ADVERTISEMENT

Affiliate content

‘Affiliate Content’ is used to describe content that contains affiliate links. Euronews is compensated for the products and services linked to this article. This content is produced by Euronews affiliates and does not involve Euronews editorial staff or news journalists.
Affiliate content
‘Affiliate Content’ is used to describe content that contains affiliate links. Euronews is compensated for the products and services linked to this article. This content is produced by Euronews affiliates and does not involve Euronews editorial staff or news journalists.

What employers can do to make your summer less stressful

Offices can empty out in the summer months.
Offices can empty out in the summer months.   -  Copyright  Canva

By Kirstie McDermott

Europe does summer holidays a little differently from the rest of the world. Take, for example, the Netherlands’ Bouwvak, aka construction holidays. 

ADVERTISEMENT

Known as builders’ holidays in other countries such as Ireland and the United Kingdom, it's not uncommon for the entire construction industry––builders, carpenters, bricklayers, plumbers and others––to put down their tools and for projects to grind to a halt in August.

In the Netherlands though, Bouwvak is a mandatory holiday period that is held across the country, to ensure that there are no caps on construction schedules or worker availability during the summer, traditionally a popular time for building projects to happen thanks to more clement weather.

Dates differ each year and the Bouwend Nederland trade association creates advisory dates every year.

3 job openings across the EU this week

It’s just one example of how Europe handles summer vacation time. In Sweden, for example, workers get to take advantage of holiday legislation which gives them, by law, the right to 25 days of holiday and four consecutive weeks off during June, July, and August. 

ADVERTISEMENT

Swedish employees can also save a number of their holiday days each year for a maximum of five years, so it’s possible to take more time off.

In Norway, there’s Fellesfiere, a joint holiday, which sees as much as 50 per cent of the workforce take a three-week break in July.

During Les Vacances d'Été, the French log off their laptops and head in droves to the coasts for some rest and relaxation.

Traditional summer slow-downs in hotter climates such as Spain, Portugal and Greece, stretch from July to August, which tend to be the hottest months of the year. It’s typical for businesses to close in the middle of the day to allow employees to cope with heat, or for workers to simply take more time off during these periods.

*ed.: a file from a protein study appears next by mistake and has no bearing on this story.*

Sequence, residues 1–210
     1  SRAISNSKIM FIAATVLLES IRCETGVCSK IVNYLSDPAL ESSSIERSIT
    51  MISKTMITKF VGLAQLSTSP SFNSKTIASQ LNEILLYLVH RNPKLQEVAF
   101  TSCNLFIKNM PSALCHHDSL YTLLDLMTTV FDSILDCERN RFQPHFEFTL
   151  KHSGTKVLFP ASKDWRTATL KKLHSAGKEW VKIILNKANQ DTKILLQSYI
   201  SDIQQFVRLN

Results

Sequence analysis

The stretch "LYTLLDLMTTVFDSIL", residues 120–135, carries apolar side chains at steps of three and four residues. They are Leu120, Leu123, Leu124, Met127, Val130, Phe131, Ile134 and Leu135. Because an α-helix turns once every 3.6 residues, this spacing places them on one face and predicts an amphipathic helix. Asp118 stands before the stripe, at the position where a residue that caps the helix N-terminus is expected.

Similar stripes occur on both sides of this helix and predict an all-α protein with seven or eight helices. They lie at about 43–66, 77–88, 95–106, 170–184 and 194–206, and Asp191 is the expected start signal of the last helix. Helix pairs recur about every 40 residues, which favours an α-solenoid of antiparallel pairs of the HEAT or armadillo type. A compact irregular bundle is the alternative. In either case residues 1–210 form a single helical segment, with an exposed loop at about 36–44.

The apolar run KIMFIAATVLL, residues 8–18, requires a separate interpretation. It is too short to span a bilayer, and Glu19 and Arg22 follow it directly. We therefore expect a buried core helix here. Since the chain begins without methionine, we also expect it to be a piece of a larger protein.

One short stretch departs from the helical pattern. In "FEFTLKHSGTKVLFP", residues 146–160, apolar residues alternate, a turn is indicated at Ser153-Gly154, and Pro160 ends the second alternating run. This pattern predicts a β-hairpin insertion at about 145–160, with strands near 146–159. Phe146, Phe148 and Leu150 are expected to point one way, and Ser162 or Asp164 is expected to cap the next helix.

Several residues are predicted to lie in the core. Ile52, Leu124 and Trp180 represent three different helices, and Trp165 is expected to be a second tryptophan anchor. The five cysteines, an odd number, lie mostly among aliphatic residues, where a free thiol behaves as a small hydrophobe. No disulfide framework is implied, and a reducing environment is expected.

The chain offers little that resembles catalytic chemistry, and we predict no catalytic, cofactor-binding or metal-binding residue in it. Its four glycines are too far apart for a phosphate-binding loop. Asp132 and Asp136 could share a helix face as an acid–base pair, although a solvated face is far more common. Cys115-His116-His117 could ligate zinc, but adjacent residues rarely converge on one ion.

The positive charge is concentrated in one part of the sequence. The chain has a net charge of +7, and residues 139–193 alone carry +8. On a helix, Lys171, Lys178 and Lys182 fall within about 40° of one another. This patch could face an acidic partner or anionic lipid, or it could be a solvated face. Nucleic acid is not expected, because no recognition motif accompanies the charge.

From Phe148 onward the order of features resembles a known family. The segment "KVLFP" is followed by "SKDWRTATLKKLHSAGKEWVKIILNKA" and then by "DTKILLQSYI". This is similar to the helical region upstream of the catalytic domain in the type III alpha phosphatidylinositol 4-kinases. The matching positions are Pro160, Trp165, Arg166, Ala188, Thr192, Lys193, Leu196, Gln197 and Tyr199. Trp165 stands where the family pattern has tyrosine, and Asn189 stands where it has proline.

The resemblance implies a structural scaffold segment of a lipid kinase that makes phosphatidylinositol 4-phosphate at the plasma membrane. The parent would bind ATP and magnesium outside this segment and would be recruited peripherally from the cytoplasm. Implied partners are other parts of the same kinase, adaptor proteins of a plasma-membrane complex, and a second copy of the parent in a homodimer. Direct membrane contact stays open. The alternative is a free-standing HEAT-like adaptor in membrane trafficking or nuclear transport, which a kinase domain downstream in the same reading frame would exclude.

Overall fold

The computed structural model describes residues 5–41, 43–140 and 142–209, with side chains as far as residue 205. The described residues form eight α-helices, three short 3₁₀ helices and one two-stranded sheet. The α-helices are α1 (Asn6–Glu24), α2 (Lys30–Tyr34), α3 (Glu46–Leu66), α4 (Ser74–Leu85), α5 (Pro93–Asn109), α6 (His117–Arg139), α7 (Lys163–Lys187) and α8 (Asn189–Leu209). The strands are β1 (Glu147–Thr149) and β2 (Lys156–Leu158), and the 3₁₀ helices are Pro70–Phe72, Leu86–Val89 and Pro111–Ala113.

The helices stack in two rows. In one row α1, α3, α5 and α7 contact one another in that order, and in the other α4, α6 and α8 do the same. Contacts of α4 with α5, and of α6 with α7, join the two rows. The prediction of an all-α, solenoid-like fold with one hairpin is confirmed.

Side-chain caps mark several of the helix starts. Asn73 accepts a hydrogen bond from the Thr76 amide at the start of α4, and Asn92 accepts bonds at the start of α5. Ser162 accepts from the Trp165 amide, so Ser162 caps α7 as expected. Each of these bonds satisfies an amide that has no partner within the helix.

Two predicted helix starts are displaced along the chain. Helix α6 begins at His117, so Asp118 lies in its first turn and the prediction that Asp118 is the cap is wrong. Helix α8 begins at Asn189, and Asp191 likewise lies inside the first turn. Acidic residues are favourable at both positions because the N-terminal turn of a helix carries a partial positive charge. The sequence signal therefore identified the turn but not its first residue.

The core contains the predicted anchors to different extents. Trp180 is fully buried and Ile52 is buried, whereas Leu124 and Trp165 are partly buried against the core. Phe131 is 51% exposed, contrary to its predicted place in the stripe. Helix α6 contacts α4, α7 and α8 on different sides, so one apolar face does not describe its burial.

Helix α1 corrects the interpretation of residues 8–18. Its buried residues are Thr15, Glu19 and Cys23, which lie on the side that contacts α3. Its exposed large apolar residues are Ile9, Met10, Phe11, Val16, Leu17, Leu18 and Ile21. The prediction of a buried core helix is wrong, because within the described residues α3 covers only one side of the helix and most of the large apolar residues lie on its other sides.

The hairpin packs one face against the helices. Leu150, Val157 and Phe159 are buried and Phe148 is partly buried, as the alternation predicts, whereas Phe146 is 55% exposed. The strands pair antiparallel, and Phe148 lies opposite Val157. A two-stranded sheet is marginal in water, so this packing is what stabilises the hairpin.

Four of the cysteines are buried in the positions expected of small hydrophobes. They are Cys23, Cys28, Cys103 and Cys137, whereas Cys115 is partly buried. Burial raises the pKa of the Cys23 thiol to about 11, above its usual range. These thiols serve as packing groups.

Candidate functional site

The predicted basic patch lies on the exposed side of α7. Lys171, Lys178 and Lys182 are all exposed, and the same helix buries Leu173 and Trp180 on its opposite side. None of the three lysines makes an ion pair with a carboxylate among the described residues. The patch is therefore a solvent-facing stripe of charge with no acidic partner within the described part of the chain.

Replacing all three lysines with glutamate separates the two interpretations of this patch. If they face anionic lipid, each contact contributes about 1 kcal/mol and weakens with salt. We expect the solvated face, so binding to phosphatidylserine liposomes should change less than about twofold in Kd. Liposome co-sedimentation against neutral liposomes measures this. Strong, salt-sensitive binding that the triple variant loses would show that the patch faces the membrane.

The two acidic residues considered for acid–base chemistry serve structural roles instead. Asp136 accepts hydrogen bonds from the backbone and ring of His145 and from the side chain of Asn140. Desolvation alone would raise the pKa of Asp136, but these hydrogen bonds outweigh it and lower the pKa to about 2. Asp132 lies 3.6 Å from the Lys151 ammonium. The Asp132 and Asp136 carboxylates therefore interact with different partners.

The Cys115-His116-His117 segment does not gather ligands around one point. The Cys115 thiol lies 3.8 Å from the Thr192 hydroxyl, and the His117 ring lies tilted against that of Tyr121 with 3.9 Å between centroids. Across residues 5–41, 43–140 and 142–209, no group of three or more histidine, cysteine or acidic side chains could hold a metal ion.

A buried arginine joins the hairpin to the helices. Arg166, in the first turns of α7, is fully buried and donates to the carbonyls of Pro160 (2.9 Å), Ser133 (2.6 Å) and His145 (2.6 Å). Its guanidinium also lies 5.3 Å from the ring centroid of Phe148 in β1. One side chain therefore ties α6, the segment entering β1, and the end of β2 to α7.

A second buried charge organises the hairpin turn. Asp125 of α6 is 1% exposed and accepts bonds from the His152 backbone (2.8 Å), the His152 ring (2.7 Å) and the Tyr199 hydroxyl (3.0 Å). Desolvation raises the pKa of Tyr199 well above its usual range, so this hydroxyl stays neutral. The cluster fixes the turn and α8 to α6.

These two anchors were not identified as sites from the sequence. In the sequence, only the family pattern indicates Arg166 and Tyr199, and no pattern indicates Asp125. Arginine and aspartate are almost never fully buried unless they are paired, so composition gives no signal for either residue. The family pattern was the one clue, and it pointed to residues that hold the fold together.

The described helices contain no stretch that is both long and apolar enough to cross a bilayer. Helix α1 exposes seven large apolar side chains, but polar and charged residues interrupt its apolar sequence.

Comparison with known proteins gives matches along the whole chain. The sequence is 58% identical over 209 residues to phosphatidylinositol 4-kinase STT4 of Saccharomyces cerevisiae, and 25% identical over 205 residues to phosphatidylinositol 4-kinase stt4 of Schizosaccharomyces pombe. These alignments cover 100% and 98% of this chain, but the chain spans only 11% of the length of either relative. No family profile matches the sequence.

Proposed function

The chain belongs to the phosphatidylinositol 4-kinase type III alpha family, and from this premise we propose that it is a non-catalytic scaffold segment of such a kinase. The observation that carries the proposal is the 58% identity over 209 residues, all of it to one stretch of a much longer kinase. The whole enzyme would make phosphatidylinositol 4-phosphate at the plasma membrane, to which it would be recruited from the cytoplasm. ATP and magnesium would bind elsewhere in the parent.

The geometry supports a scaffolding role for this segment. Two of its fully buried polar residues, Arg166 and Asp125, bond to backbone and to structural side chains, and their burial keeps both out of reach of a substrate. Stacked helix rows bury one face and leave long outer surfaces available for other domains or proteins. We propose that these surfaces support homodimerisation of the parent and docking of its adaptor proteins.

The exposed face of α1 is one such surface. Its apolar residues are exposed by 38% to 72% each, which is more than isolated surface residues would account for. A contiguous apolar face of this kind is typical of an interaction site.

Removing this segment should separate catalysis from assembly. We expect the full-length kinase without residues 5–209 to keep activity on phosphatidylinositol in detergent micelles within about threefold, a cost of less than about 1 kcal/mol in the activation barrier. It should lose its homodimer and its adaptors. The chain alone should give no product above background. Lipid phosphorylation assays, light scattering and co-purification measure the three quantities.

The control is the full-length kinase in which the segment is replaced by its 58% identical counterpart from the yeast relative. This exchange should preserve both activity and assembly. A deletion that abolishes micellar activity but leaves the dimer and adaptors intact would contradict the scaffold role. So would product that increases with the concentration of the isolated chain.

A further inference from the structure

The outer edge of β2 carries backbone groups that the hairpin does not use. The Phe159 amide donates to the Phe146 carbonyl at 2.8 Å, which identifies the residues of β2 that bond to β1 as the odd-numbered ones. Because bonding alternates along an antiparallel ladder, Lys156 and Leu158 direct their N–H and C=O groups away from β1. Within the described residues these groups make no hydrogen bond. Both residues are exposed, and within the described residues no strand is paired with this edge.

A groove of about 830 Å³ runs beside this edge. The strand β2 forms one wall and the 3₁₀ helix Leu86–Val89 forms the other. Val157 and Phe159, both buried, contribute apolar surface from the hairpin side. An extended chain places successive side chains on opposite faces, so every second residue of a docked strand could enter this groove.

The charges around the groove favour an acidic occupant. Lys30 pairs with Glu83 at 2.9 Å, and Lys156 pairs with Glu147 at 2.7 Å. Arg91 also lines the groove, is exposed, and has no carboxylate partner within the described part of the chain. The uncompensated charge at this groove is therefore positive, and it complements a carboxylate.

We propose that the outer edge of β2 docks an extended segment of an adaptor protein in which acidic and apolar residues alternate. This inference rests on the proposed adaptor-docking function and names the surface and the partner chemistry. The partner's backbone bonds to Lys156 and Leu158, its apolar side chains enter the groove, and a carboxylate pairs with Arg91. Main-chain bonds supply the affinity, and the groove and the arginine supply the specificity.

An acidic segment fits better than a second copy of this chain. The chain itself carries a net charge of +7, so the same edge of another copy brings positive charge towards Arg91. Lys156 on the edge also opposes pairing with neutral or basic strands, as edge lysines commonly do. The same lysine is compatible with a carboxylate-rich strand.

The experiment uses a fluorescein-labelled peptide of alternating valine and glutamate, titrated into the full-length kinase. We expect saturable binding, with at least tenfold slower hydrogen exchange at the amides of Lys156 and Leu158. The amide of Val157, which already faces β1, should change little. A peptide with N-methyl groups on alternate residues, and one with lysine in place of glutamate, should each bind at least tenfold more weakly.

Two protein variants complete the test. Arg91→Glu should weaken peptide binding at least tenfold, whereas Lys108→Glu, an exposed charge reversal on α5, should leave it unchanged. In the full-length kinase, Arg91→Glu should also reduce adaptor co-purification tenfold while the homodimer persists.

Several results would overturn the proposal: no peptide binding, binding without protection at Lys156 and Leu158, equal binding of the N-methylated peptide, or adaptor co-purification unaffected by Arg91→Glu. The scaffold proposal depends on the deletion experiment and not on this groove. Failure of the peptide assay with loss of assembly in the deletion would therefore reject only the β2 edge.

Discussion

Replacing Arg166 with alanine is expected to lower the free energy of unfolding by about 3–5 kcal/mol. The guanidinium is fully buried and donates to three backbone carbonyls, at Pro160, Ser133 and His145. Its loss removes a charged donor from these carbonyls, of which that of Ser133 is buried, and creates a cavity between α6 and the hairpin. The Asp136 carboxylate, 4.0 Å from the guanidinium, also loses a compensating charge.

Thanks to global warming, however, other European countries may soon follow suit. The continent has been warming at twice the global average since 1991, with figures showing that temperatures are now running 2.3C above pre-industrial levels.

Thanks to Europe’s cultural and climate diversity and its citizens’ holiday entitlements, it’s not uncommon to feel like the entire continent shuts down during the summer, and it can be hard to get things done, especially if you’re working across jurisdictions.

Summer stress

Rising heat is just one part of the problem. A recent study of HR professionals identified that  57 per cent of them notice colleagues suffering from burnout during the summer, with 41 per cent saying it impacts productivity. 

For working parents and those with caring responsibilities, in particular, the summer season can add to their workplace woes.

For those caring for older relatives, intense heat represents an even deadlier threat. Researchers from the Barcelona Institute for Global Health (ISGlobal), estimated that more than 61,000 people died in Europe’s 2022 heatwaves. 

They also found that those aged over 80 accounted for more than half of that summer’s heat-related deaths, with older women found to be especially vulnerable.

ADVERTISEMENT

Parents also find themselves in a bind as schools in some countries can close for up to three months.

Parents juggle entertaining smaller kids with summer camp drop-offs and pickups for older ones––and try to find care for the times in between. This creates a jigsaw puzzle for caregivers as they strive to cover the time that is normally accommodated by schools or childminders.

It can add massive pressure on workers, leading to stress and preoccupation as they deal with the unpredictability.

So what can be done? Workplaces have a lot of power here. Recognising the stress the summer period can put on workers is a first step towards finding solutions. From summer bonuses to help pay for all the extra costs to allowing more flexibility around morning and evening drop-offs, small and not-so-small accommodations can help.

3 hybrid roles hiring now

Increasingly companies are offering soft, or “summer Fridays” where employees can clock off early and get a head start on their weekends. PwC, Asos and Kellogg’s are just three firms offering this benefit.

In PwC’s case, a 2021 pilot was so successful that 90 per cent of its staff said summer Fridays had a positive impact, and 73 per cent said it positively impacted their general wellbeing to a great extent. It is now a permanent fixture in its employee benefits package. 

There are other things that employers can do too. HR departments can offer advice around any applicable tax credits you may be eligible for, and larger corporations may find it possible to create employee programmes around discounts or vouchers for working parents to help with the summer costs.

Ultimately, understanding and flexibility are what stressed employees need in the summer months. With so much extra pressure on their time and resources, they can make a big difference.

Ready to start looking for a job that pays more? Find your next career opportunity today via the Euronews Job Board

ADVERTISEMENT